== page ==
THE BLOG

Why Your Marketing Campaign Will Fail Before It Even Starts

Feb 21, 2014 | Updated Apr 23, 2014

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In today's "big data" world, businesses are increasingly basing corporate and marketing decisions on the information obtained through social and behavioral data. However, should this data be outdated, inauthentic or fraudulent, serious and detrimental results can occur.

Facebook claims that up to 11.2 percent of their total users are duplicates, inaccurate or "undesirable" and Twitter claims a total of 5 percent. Other social networks such as LinkedIn and Google+ have known fake accounts as well, although their numbers are unconfirmed. So, with this being the case, what are the costs associated with fake accounts?

1) Cost of Verification
Many companies employ methods such as SMS, password verification and even manual review in order to verify the legitimacy of their users. These methods can be very expensive and introduce high friction, which can in turn, have a huge affect on your bottom line before your user has even made a purchase.

2) Ill-Directed Marketing Dollars
Making marketing and corporate decisions based on fake users is tantamount to taking a portion of your hard dollars and setting them on fire. Considering the fact that these accounts are typically bots or empty shells, your messaging will fall on deaf "ears", there will be no engagement or interactions and the time/effort spent on content creation and strategy will not affect your bottom line.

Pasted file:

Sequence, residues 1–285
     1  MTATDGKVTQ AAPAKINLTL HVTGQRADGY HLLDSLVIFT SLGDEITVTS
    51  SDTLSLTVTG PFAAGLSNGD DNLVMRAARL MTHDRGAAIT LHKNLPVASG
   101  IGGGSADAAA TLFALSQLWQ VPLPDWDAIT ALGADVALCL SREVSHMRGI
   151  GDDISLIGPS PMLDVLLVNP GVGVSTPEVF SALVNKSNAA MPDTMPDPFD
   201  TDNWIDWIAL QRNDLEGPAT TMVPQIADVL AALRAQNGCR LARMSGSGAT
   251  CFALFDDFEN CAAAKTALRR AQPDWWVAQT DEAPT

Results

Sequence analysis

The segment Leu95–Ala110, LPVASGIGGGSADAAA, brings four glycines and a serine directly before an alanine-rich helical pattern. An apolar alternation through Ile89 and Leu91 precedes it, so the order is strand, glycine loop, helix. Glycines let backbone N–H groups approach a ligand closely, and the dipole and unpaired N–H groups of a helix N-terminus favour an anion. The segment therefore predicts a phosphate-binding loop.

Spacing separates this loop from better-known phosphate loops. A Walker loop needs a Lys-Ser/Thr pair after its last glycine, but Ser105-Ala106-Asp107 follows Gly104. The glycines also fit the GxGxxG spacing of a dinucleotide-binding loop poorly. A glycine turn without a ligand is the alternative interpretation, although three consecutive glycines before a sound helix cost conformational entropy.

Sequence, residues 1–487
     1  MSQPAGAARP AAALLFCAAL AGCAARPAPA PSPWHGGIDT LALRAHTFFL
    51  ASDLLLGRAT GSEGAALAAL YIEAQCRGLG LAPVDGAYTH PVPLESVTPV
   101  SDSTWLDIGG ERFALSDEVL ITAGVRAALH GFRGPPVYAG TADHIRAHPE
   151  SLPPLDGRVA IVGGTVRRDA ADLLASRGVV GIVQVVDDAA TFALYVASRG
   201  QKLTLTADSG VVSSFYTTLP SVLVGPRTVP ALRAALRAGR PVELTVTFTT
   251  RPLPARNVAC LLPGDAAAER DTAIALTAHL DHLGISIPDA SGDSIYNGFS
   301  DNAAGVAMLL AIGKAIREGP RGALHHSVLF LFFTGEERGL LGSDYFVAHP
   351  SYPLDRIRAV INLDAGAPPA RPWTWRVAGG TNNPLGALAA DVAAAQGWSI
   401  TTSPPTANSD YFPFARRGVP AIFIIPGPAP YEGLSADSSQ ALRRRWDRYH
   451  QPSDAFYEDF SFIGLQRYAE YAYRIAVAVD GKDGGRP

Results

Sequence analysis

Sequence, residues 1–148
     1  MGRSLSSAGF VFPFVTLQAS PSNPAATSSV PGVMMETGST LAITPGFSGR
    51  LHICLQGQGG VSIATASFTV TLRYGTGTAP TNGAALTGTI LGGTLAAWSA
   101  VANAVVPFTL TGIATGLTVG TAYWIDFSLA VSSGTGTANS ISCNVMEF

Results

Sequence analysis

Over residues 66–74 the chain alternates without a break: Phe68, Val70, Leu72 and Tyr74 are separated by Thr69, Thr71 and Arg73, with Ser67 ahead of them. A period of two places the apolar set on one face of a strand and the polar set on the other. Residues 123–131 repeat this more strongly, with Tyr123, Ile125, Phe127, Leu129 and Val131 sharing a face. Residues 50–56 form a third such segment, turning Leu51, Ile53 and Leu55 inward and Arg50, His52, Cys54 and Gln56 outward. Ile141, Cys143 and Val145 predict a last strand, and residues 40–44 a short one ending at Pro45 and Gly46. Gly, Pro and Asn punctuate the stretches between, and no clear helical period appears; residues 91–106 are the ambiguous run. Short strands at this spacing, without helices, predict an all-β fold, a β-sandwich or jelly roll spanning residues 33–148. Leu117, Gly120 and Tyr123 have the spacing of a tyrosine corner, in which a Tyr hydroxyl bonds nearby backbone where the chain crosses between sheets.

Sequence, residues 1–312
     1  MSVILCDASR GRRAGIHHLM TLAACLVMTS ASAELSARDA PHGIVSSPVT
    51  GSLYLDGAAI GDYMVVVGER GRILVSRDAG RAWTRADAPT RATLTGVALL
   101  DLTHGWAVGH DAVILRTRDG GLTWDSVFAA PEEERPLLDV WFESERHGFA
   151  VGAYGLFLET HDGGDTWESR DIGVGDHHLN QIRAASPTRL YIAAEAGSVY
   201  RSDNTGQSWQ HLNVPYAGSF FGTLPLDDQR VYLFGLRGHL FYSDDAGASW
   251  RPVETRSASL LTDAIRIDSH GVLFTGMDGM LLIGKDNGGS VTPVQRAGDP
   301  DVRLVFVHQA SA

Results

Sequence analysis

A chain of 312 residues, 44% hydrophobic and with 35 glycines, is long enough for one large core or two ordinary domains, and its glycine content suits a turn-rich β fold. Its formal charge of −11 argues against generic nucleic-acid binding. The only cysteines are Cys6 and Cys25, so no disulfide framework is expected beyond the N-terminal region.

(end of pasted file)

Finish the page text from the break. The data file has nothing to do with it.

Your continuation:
3) A Skewed Picture of Your Customer Base
Social data allows you to "meet" your customer and know a bit of what makes them tick. The ability to know their likes, location, age range and other identifying information makes a great starting point when developing messaging, campaigns and company direction. If this data is inaccurate, your plan could be destined for failure right out of the gate.

4) Bad PR
Many companies are becoming known, not for their great business model, but for the number of fakes using and degrading their site. Companies such as Cupid.com, Snapchat, and Trip Advisor have all been placed under attack for not taking action against the bad apples found on their site. Businesses that don't address the issue may have to fight an upward battle to get their tarnished reputation back in order.

So what can be done? First, presume that a portion of your followers and fans are fake and determine what impact that makes on your business. Then look for solutions that offer social verification in order to start down the road to knowing your users better.